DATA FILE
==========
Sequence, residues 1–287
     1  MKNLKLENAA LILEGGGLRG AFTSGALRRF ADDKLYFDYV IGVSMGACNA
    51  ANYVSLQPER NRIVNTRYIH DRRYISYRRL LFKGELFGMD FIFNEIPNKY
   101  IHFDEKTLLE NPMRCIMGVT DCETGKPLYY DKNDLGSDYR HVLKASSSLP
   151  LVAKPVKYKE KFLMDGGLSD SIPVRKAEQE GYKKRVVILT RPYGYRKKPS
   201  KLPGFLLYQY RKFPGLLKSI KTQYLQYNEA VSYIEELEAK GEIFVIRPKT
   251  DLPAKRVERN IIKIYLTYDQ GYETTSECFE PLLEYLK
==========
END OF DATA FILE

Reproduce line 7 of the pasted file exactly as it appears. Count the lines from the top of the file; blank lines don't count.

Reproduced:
   251  DLPAKRVERN IIKIYLTYDQ GYETTSECFE PLLEYLK